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'Meat Grinder' Market Could Last 8 Years: Rosenberg

Global debt issues and investor fear have the US mired in a "meat grinder" stock market that likely will last another six to eight years, economist David Rosenberg said Thursday.

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Debt-cleansing cycles generally last six to seven years and the current run is in about its second year. Global economies are trying to shed debt, with varying levels of success as several European countries run risk of defaults and uncertainty grows over the effect debt will have on the US.

At the same time, broad cycles of low market returns and wild stock swings usually last 16 to 18 years, and this is the 10th year of those conditions, Rosenberg, chief economist at Gluskin Sheff, said in his morning note.

Neither trend, if kept intact, would bode well for stock prices.

"It will not be a straight line down but the fundamental trend line is down as far as US equity prices are concerned, and racked with intense volatility," Rosenberg said.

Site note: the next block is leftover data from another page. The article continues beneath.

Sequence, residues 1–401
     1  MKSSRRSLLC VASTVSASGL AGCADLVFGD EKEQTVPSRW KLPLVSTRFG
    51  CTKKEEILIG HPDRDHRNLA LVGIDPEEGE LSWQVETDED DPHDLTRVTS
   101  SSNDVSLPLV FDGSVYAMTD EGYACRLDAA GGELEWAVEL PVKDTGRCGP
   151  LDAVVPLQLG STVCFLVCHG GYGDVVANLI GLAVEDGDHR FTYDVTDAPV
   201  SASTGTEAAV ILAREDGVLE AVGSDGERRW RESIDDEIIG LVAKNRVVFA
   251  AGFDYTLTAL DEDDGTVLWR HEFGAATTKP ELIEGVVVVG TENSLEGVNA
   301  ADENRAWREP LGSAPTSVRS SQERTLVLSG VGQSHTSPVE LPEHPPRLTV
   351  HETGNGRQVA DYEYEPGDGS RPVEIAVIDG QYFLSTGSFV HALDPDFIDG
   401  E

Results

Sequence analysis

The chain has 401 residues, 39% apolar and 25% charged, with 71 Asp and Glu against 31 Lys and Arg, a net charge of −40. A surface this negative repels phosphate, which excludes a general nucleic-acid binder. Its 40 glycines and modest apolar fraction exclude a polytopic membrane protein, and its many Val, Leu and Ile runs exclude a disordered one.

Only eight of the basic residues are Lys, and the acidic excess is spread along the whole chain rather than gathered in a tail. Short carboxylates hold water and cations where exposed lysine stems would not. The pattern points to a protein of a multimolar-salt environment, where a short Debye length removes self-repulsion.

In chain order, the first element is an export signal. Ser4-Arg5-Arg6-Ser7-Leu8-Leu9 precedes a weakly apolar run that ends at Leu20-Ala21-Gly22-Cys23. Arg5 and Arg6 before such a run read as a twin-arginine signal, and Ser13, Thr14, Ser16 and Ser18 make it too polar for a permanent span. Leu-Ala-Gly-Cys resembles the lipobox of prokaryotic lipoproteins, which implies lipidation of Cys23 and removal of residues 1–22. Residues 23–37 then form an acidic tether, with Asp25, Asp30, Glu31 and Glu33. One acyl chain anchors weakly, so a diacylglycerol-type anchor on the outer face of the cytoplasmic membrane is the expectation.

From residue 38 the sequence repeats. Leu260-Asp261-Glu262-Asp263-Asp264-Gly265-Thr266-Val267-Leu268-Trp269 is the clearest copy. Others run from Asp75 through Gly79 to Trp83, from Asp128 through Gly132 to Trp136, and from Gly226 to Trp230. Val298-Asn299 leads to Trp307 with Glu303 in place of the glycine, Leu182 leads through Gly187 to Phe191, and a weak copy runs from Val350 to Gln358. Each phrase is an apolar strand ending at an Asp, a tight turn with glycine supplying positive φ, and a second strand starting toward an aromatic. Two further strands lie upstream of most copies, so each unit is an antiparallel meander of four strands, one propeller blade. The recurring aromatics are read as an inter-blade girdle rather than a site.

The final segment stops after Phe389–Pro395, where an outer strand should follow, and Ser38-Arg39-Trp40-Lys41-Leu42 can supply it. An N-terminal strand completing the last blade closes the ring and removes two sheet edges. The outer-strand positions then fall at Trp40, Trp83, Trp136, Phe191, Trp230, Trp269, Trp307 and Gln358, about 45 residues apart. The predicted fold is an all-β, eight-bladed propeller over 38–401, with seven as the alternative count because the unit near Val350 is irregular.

He pointed out that 22 of the past 26 trading sessions have seen swings of 200 points or more in the Dow Jones Industrial Average, while positive moves often are accompanied by low volume.

"Look at what has happened just this cycle—the worst stock market since 1937 followed by the best stock market since 1932 followed by the worst May for the Dow since 1940," Rosenberg said. "There's a word for this type of market. It's called a meat grinder. No return for a decade and yet plenty of sleepless nights on this roller-coaster ride."

For investors, "classic long-short strategies" should be the order of the day in which investors protect themselves against lower moves in the market.

"This is an environment extremely conducive to income-oriented investment strategies," Rosenberg said.

He referenced legendary analyst and investor Bob Farrell's 10 Market Rules to Remember, particularly citing Rule 8 which says bear markets run in three cycles: a sharp downturn, a reflexive rebound and "a drawn-out fundamental downtrend."

"The sharp down was the 57% slide from October 2007 to March 2009. The reflexive rebound was the 78% runup from March 2009 to April 2010," Rosenberg said. "And, Stage 3, the re-emergence of the fundamental downtrend, in classic Carpenter fashion, has only just begun."

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